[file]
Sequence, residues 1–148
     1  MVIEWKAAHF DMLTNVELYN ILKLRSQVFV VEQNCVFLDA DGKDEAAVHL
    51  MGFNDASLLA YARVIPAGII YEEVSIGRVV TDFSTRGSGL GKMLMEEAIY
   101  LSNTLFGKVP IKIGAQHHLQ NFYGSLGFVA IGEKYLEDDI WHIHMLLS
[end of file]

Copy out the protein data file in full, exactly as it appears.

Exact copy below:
Sequence, residues 1–148
     1  MVIEWKAAHF DMLTNVELYN ILKLRSQVFV VEQNCVFLDA DGKDEAAVHL
    51  MGFNDASLLA YARVIPAGII YEEVSIGRVV TDFSTRGSGL GKMLMEEAIY
   101  LSNTLFGKVP IKIGAQHHLQ NFYGSLGFVA IGEKYLEDDI WHIHMLLS